More good economic news for the U.S. on Thursday with the latest jobs reporting showing unemployment claims having dropped to their lowest level since April 2008.
According to the Labor Department, initial jobless claims fell 5,000 to 359,000. Though the unemployment rate remains at 8.3 percent, the continued growth does point to increased confidence among employers that the economy is getting better.
“The labor market is still improving at a modest pace,” Russell Price, senior economist at Ameriprise Financial in Detroit, said to Bloomberg News. “Across almost all sectors, companies have shed as many workers as they possibly can. Now, they’re responding to the modest improvements in demand.”
But there are still questions of whether the decline in unemployment can be sustained. In another economic report, economists estimated that the U.S. economy will grow just 1.5 percent for the first quarter of 2012. That's down from a reconfirmed 3 percent growth rate in the fourth quater of 2011, as employers pulled back on their purchases after a major push to restock their shelves at the end of last year.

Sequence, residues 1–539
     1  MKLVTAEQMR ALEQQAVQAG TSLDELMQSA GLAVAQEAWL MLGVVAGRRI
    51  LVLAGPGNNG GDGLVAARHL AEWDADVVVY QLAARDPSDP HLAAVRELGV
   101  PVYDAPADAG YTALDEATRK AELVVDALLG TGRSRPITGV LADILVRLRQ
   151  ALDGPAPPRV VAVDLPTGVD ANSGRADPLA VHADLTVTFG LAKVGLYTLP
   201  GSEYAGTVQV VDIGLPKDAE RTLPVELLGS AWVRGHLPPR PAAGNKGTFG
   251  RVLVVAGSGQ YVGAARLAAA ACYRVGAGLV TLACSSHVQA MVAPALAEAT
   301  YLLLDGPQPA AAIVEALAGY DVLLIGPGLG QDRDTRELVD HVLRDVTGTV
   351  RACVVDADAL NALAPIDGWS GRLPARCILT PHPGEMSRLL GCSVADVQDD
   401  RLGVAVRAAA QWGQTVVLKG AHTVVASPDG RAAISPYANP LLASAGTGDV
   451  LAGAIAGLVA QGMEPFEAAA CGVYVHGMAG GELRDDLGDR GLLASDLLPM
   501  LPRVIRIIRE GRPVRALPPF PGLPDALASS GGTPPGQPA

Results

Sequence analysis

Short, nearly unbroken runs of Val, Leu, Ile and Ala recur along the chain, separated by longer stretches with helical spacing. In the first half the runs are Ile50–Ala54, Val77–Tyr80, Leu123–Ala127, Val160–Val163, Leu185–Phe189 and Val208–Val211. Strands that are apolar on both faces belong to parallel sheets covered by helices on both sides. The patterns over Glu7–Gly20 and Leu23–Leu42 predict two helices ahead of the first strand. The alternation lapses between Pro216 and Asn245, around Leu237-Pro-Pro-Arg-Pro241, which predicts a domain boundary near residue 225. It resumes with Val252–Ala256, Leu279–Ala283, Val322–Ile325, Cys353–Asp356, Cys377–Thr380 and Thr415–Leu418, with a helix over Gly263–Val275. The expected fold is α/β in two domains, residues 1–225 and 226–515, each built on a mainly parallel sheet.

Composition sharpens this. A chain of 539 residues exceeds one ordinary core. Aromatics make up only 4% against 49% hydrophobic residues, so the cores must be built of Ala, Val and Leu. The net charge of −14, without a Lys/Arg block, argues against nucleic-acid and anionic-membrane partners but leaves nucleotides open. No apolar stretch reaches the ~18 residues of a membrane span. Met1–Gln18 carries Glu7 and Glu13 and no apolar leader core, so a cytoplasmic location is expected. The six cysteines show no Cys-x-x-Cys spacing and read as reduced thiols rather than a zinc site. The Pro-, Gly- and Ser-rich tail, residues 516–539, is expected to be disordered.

For the year, economists at JPMorgan told the Associated Press they expect the economy will grow 2.2 percent, compared to last year's 1.7 percent. That, though, would not be enough to drive down unemployment rates to pre-recession levels.
Federal Reserve Chairman Ben Bernanke in a speech Monday said the U.S. job market remains weak despite strong hiring in the past three months. For the hiring gains to continue, he said, the economy needs to grow at stronger rates.